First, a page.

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Driving Miss McCleary: 10% gas hike proposed for K-12 funding

Gas prices would jump. So might utility bills. And the airline, train, and truck transportation industries could see costs climb.

As details of Gov. Jay Inslee’s carbon tax proposal begin to take form in a bill expected to be introduced next week, one fact has become clear: The governor isn’t cowed by the failure of a more moderate carbon tax ballot measure that 60 percent of the state voters rejected only two months ago.

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Chris Davis, the governor’s senior adviser for energy and carbon markets, said Gov. Inslee’s greenhouse gas tax proposal is an improvement on Proposition 732 in a variety of ways. It corrals needed funds for education in a state facing a Washington Supreme Court order to spend more money on K-12 schools; it provides a small business tax cut, and it prompts a decline in carbon emissions.

“It provides a good chunk of the same tax relief that the bill last fall provided while providing further greenhouse gas reduction,” Davis said. “It’s a smarter package. It gets more done with the money and makes better use of it.”

If approved by the legislature, the bulk of the new carbon tax money – nearly $4 billion over the next two years – will come from drivers using the state’s gas pumps. The proposed tax would add 10 cents to every dollar of gas in the first year, making a $3 gallon of gas cost $3.30 for example. But it also would adjust upward annually at the rate of inflation plus 3.5 percent. It also would tax heating costs if the power source is fossil-fuel based, such as natural gas, oil, and coal.

Bob Plotnick, a professor at the University of Washington and expert on poverty issues, said this type of carbon tax effectively is the same thing as a sales tax. And in a state already loaded with so-called regressive taxes, it will disproportionately affect the group these taxes always hit the hardest: The poor.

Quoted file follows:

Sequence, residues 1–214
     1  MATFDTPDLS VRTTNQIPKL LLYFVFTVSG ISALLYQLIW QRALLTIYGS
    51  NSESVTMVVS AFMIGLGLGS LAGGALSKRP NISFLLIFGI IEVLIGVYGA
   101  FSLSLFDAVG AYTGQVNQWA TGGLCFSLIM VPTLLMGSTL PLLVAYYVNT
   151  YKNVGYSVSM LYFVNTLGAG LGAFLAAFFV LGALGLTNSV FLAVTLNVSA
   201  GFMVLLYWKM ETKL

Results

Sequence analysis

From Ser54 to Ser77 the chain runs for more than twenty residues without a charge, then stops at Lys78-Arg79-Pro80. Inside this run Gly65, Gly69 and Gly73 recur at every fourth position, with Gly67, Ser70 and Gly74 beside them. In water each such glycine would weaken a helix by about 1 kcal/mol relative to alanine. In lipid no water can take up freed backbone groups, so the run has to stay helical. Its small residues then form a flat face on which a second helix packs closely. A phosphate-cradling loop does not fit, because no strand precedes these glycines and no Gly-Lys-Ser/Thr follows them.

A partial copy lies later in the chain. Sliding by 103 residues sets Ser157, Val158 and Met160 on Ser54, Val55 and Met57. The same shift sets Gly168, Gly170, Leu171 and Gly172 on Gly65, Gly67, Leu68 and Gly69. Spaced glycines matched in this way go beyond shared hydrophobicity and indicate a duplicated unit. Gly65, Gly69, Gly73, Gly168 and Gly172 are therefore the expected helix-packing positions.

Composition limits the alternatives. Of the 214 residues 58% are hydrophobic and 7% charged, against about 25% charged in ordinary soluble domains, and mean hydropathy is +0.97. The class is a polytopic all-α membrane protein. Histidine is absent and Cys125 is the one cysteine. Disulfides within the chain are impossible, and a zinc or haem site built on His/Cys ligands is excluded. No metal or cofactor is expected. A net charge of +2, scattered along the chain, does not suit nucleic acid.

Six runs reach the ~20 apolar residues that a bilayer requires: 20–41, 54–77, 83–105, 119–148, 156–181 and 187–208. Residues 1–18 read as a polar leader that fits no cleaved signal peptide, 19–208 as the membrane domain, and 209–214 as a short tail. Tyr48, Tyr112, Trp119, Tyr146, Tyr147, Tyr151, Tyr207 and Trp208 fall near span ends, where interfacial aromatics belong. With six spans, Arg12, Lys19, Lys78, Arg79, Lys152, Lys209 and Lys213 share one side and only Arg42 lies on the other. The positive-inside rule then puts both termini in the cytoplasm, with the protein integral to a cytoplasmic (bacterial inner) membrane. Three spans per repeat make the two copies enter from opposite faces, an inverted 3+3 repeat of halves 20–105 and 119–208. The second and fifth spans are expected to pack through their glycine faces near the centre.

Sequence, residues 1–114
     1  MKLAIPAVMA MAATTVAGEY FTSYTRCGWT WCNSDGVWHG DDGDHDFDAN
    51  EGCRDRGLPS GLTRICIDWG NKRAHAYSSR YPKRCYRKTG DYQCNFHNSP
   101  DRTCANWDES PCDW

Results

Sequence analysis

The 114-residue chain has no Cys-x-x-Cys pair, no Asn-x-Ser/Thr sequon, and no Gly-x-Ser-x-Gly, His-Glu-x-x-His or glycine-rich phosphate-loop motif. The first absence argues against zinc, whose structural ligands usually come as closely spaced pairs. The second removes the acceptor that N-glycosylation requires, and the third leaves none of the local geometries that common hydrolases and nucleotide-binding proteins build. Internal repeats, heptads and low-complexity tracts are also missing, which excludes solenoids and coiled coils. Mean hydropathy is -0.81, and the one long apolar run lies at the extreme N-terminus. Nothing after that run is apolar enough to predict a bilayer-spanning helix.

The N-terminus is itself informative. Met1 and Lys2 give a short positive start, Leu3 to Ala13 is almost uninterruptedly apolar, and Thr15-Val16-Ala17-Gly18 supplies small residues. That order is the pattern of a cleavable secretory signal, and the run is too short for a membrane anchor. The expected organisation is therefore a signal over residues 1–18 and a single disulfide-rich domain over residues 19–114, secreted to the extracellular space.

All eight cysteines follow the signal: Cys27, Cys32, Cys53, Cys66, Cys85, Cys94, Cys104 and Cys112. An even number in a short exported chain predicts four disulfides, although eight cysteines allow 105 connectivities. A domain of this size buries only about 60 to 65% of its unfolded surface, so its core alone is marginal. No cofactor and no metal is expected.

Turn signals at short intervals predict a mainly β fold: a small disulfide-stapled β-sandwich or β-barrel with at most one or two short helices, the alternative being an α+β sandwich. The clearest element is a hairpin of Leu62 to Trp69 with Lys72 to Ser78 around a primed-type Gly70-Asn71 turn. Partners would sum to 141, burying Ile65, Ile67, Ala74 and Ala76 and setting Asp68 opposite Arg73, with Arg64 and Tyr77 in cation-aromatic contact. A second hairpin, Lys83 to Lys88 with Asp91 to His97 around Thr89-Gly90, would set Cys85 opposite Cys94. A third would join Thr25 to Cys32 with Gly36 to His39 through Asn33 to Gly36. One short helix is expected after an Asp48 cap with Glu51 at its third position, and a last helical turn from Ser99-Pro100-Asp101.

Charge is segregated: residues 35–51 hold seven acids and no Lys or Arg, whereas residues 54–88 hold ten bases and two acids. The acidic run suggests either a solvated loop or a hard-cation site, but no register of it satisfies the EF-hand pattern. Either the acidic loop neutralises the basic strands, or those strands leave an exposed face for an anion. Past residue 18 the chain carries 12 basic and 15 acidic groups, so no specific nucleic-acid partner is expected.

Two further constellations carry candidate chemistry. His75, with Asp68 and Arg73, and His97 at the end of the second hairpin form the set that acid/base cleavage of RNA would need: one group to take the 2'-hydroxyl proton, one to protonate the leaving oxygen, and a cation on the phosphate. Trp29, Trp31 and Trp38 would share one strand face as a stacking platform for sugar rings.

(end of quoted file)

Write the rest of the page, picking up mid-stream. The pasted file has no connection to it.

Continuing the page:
“It’s going to hit some poor households much harder than others on the transportation side if they are using private transportation,” he said. “Sales taxes hit the poor more than middle class and upper class because they spend more on those kinds of items and they don’t have any savings.”

Davis said the governor understands this type of tax hits people with low incomes the hardest. He said the bill will include some relief in form of money earmarked for clean mass transit ($250 million) and money for job growth ($200 million). But the details have yet to be ironed out.

“That’s part of what we’re still working out,” he said. “That will depend on how the legislature chooses to do so. Our proposal puts significant funding into clean transportation, greater transit, and greater access.”

George Hamlin, president of Hamlin Transportation Consulting and a transportation industry analyst, said rail and trucking companies won’t like or support the new tax. But if it is approved, they won’t be able to do anything about additional fuel costs in Washington State.

Airlines and jet fuel are another matter, he said. “You will try to avoid the tax by tanking up somewhere else than in Washington state, for example,” he said. “And regardless, it will increase the cost of a ticket.”

Exempt from the carbon tax are manufacturers of aluminum, concrete and big agriculture (except for crop transport). While all three produce significant amounts of CO2, Davis said the state wants to focus on fossil fuel burning – and on raising money to help pay fund education in the wake of the state Supreme Court’s McCleary Decision.

“We are using this in part to solve a problem that is recognized far and wide which is the K-12 public education problem,” Davis said. “We’re taking a step to solve that in a smart way.”

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